Capital in the grip of air-borne diseases

Physicians warn against self-medication and abuse of drugs

Staff Reporter

NEW DELHI: Delhiites are facing one of the worst spells of viral fever, meningitis and diarrhoea in the city this season. With rising incidence of these diseases, worried physicians have warned against self-medication and abuse of drugs, especially antibiotics.

City doctors are asking people to take every precaution to avoid these diseases and take proper treatment.

"Seasonal viral fevers are aggravated with peak levels of moisture in the air leading to symptoms of high fever (103-104 F), nausea, cough, headache, watery nasal discharge, redness of eyes, joint pains and even diarrhoea. Earlier, the elderly were among the people most affected, but recently even children have been treated for symptoms," explained Consultant, Internal Medicine, Apollo Hospitals, Tarun Sahni.

A normal person can contract viral fever by inhaling droplets secreted by a coughing and sneezing patient.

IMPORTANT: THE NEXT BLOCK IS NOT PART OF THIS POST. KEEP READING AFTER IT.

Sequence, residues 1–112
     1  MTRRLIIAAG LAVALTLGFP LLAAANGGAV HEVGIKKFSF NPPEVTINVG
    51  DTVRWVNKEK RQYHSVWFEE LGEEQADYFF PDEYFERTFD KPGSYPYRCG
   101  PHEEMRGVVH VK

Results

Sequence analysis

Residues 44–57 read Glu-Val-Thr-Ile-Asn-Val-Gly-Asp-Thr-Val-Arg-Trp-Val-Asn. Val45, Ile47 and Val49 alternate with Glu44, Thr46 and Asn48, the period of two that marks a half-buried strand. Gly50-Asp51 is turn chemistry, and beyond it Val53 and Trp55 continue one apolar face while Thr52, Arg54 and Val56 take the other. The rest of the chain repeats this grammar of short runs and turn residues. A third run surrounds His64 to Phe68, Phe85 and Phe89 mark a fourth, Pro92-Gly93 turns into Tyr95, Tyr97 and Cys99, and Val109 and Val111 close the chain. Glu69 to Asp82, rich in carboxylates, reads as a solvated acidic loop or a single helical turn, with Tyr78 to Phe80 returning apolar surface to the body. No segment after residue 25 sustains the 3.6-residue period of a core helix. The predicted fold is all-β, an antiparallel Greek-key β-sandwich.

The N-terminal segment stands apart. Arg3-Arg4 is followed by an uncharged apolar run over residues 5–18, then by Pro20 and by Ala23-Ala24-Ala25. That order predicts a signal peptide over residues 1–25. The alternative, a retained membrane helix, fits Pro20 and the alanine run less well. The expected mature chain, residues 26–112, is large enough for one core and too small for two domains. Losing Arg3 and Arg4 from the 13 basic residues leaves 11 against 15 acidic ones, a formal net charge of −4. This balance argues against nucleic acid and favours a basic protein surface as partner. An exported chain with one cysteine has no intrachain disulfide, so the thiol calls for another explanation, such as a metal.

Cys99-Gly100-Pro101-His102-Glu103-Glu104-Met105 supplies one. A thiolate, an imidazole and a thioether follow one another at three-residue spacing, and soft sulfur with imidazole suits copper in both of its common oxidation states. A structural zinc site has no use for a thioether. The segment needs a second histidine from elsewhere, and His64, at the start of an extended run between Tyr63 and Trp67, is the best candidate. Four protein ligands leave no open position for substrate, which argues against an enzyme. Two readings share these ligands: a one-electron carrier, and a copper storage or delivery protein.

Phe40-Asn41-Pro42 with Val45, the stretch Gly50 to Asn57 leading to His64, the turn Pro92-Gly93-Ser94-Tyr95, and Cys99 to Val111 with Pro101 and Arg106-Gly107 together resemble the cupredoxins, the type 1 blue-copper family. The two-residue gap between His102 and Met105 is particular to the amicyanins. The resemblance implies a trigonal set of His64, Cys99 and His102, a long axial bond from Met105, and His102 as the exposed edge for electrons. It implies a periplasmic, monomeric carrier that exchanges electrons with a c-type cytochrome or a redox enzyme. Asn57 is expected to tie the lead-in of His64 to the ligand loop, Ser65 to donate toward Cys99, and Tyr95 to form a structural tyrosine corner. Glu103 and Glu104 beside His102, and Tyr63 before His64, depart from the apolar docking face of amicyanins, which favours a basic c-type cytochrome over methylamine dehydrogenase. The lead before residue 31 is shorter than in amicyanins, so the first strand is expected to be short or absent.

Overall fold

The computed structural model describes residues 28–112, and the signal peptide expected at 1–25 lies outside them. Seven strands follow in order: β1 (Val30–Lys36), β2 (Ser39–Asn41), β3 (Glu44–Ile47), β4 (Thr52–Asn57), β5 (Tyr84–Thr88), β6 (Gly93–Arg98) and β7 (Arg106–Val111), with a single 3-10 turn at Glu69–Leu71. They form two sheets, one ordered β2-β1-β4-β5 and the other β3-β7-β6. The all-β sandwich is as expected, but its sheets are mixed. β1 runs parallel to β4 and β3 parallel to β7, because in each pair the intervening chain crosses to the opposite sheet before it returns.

"There is little one can do to avoid this infection since the virus is air borne and spreads in crowded places such as offices, classrooms, playschools and day-care centres," said Editor, MIMS India, C. Gulati.

"However, it is important to know that treatment options are provided only to tide over the symptoms. Although treatment for viral fevers is mostly symptomatic, it is observed that most patients are prescribed strong fever and pain reliever for a quick response. Patients have to understand that invariably, any swift relief also carries the risk of side effects. For instance, common fever and painkillers such as ibuprofen, nimesulide, and diclofenac, often doled out to patients, are known to come down heavily on the digestive system. These medications belonging to the class of non-steroidal anti-inflammatory drugs or (NSAIDs) leading to symptoms of gnawing, burning pain in the upper abdomen, stomach ulcers, nausea, vomiting, loss of appetite, weight loss and fatigue and an array of additional agony one could definitely do without," warned Dr. Gulati.

Physicians add that viral fevers stubbornly follow their own course. However, in very young and the old patients, respiratory complication is always a possibility. In such situations hospitalisation is a must if fever does not abate in two-three days. But as in most cases, uncomplicated viral fever can be tackled symptomatically with bed rest, lot of fluid, and a doctor's prescription.

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